These are not faults with the games themselves. No, the fault is mine. It's not that I just wanted to blast through everything or try to get away with things, it's just that I couldn't figure out where I'd be two moves ahead, so I got frustrated when I always felt out of place. I figured that any computer-assisted steering system could figure out how to move a tank/mech from one location to another accurately, so why not minimize those rules that blow me off the map?

Really though, I just enjoy Swords and Wizardry. With the third alternate combat sequence, I saw a tactical system that rewards quickness over flat-footed slugfests. Why not make a mecha system without heat and hover movement that feels like S&W?

The third alternate combat sequence is really simplified from OD&D. I looked for ways to track the segments and found stories of gamers using cribbage boards. Looking at the rules, though, I realized that I never really needed to know the actual segment number, I only had to know who's turn was next and when a round was over.

I made a custom board that allowed the rules as written in S&W Complete for alternate combat sequence #3 to work. Still, I wanted something a bit nicer. I discovered that if I used a backgammon board and changed the default number of segments from 6 to 7, the whole system just clicked.

In S&W fantasy, the referee had to fudge the dexterity of monsters. In my mecha game, however, everything had a dexterity score. This made the alternative combat sequence #3 a great fit. With the backgammon board, a players' choice of miniatures, markers, or even checkers to mark each combatant, a straightforward system emerged. Unlike my favorite Centurion or BattleTech, this game has quicker rules. At a glance, everyone knows who is taking a turn now and who will go next. I'm still testing it, but my 8 and 7 year old kids seem to get it. I've got it written, but now I'm testing it. I might even get a pickup game at Nuke-Con in October.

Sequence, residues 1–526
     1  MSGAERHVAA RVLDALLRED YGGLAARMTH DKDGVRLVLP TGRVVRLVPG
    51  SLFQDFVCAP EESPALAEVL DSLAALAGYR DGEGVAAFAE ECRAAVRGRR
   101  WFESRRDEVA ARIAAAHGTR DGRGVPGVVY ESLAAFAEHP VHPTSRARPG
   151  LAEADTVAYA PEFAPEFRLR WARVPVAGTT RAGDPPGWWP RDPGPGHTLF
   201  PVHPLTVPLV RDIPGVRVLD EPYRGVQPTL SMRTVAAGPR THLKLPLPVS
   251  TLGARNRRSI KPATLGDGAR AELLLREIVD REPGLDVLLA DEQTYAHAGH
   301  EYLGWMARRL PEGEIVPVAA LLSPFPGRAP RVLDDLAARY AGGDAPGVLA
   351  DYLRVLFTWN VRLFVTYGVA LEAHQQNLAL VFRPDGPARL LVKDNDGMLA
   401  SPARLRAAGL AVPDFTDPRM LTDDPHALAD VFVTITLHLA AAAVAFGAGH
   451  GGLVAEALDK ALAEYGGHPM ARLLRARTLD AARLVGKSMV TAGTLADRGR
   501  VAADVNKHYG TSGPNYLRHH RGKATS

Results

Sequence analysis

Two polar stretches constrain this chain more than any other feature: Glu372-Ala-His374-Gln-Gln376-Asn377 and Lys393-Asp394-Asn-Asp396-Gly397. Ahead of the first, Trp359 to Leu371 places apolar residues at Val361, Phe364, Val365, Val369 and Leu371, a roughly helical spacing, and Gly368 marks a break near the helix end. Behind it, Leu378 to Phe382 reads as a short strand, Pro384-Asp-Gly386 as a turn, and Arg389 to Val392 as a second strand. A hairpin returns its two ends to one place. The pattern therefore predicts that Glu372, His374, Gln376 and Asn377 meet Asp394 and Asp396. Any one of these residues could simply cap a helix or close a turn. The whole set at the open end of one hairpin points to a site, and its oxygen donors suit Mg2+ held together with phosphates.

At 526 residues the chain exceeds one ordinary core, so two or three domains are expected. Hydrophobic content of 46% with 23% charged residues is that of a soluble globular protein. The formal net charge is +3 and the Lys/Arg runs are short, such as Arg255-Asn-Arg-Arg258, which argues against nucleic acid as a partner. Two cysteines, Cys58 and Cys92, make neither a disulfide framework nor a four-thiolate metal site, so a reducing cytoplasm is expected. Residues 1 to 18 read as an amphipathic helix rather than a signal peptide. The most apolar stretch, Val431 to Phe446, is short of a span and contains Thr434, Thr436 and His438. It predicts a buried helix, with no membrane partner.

So,why an Swords & Wizardry mecha game? Because it fits once I houserule it. 🙂

Not a Secret Project

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I am always working on a new project, especially when a previous one fails. This time, I am mostly taking the advice of Kevin Crawford of actually writing all the text before before attempting to publish anything. (I'm in the editing phase of the current project.)

Some time ago, I mentioned the OSR Tinkerer's Toolkit and making a quarterly zine called Odd Duck. The idea is that I am testing the toolkit to come out with a different game based on the toolkit. One new game or setting will be in every issue of Odd Duck.

The rest of the pdf will have pieces of the Toolkit in smaller articles. This includes things like mini-encounters, new monsters, new magic items, spells, playable races, magic systems, and a place to discuss a particular mechanic.

For example, in issue one, the theme is Armor. There will be an encounter with naturally armored creatures. (The answer to the encounter will not be kill them all, although that is certainly one option.) There will be two new armored creatures detailed in a monster article. There will be a demonstration of using the Alternate Combat Sequence Method No. 3 that is more visual than number-crunching. Another article details the use of spidersilk and integrating spidersilk workers into a setting. Of course, there will be spells and magic items mixed in as well.